Demon Blue is a nice looking platform / action adventure game, that did not earned prizes for its originality, rather than losing points for its playability. The game was released for the Amiga, Atari ST, Commodore 64 and DOS.
STORY / GAMEPLAY
Harrison, a mischievous schoolboy, felt that school lessons are just boring, so he took his fishing equipment and headed for the local pond. While he was sitting on the bank side, he saw a big fish jumping out of the water! And there he was! Trying to catch this fish and show to his friends how clever he is! Unfortunately the hero slips and falls into the water and that was the last someone ever saw poor Harrison! All of the sudden, the young boy finds himself into a fantasy world swarmed by strange creatures. Hidden energy pots for food and eight scattered keys will help free Harrison from this trap and bring him back to land as an older and wiser person! OK, all you have to do is to collect the key for each level exit and make a hasty escape. You jump over several platforms collecting jewels (for bonuses) until you finally find the key needed. Although its catchy story, the game fails to "catch" your interest for too long. There is no shooting! You just jump over the enemy sprites! It's seemingly impossible though to guide Harrison into safety, as the enemies dominate the screen in such a way that, there is no chance to avoid collision with them and thus, losing energy easily! More on that, you can only jump forwards so you need to turn before you can jump on the opposite direction! It's a difficult platform game and, although it's great visuals, the gameplay can tease your...nerves!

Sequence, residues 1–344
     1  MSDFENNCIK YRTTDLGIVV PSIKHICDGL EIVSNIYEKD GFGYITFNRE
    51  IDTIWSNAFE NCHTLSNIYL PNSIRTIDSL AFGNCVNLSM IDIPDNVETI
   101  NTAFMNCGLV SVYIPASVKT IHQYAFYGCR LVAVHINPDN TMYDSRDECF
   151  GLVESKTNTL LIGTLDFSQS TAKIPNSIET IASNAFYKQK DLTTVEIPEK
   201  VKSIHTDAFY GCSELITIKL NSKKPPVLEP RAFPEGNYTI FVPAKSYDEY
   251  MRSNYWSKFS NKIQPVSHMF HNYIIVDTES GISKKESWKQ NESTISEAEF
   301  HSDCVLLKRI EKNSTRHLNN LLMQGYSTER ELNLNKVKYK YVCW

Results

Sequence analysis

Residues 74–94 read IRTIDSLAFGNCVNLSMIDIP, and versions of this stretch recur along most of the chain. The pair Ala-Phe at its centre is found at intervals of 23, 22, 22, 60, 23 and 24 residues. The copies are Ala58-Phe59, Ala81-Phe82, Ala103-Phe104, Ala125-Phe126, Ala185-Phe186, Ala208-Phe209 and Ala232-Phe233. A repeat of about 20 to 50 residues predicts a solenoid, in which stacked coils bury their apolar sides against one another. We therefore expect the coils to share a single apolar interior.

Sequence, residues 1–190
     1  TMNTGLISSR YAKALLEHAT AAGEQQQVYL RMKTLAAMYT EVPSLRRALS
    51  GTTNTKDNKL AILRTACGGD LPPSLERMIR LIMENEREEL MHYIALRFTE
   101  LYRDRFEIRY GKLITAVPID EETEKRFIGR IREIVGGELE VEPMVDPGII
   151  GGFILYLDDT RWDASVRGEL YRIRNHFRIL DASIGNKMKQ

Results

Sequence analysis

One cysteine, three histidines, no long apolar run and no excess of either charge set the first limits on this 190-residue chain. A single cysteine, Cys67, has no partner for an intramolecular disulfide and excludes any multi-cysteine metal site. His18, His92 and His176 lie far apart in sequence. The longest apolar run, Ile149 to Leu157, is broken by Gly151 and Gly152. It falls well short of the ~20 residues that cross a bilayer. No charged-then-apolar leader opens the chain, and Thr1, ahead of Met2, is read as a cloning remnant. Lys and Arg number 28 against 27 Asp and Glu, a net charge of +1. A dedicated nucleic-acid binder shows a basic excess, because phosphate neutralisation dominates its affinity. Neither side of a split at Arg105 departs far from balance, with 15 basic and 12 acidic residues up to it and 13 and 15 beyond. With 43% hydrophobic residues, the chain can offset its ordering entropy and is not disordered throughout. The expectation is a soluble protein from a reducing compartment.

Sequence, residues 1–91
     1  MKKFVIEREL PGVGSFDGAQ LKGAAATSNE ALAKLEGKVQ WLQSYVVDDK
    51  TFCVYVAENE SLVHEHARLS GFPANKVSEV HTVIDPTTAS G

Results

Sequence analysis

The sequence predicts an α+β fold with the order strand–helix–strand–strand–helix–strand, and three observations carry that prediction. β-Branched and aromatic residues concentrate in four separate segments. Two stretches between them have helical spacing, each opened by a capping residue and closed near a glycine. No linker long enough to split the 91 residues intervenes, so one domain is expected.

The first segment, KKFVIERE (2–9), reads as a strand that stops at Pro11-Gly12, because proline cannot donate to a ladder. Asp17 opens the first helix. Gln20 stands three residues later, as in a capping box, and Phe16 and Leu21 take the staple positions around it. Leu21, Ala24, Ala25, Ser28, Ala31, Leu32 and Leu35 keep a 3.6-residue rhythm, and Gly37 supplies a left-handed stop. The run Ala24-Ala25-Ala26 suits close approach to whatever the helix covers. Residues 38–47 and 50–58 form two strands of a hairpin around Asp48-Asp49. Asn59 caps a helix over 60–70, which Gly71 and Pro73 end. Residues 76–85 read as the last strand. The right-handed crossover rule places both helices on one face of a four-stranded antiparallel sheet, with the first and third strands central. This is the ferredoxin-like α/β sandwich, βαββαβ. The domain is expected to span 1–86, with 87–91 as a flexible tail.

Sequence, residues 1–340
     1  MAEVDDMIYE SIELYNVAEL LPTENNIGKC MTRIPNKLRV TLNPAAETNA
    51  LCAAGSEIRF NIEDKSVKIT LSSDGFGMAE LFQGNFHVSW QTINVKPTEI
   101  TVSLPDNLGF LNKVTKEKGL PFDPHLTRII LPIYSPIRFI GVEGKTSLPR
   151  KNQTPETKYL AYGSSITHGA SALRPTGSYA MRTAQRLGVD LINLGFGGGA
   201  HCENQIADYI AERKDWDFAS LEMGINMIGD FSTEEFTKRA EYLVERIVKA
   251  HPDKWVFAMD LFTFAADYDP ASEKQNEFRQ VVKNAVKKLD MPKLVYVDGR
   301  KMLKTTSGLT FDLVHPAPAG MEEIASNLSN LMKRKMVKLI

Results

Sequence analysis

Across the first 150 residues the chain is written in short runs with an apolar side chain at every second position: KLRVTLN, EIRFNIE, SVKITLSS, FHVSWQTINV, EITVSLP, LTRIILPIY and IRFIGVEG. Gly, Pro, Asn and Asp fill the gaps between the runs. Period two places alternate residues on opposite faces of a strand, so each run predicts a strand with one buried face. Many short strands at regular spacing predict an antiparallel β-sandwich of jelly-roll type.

GRAPHICS / SOUND The game runs on either EGA or VGA mode. I have placed side by side a few shots below to compare (VGA to the left, EGA to the right). Both versions look pretty good. The EGA version has up to 12 colors on-screen while in VGA mode the number is increased to 16 (only). Note that VGA mode is also superior due to its few extra details, mostly on the backgrounds, but still, both versions look quite the same. All backdrops are nicely detailed while the sprites move fast and smooth. The game's sound is equally great, with excellent tunes at the main menu and a few nice sound effects during gameplay (but no in-game music at all). The game supports AdLib and Sounblaster sound hardware.
CPU: Various processors from Intel,AMD, Cyrix, varying from 4.77Mhz (Intel 8088) to 200Mhz (Pentium MMX) and up to 1995 (available on this site) MEMORY: 640Kb to 32MB RAM (typical up to 1996) GRAPHICS: VGA standard palette has 256 colors and supports: 640x480 (16 colors or monochrome), 640x350 in 16 colors (EGA compatability mode), 320x200 (16 or 256 colors). Later models (SVGA) featured 18bit color palette (262,144-color) or 24bit (16Milion colors), various graphics chips supporting hardware acceleration mainly for 3D-based graphics routines. SOUND: 8 to 16 bit sound cards: Ad-Lib featuring Yamaha YMF262 supporting FM synthesis and (OPL3) and 12-bit digital PCM stereo, Sound Blaster and compatibles supporting Dynamic Wavetable Synthesis, 16-bit CD-quality digital audio sampling, internal memory up to 4MB audio channels varying from 8 to 64! etc. Other notable sound hardware is the release of Gravis Ultrasound with outstanding features!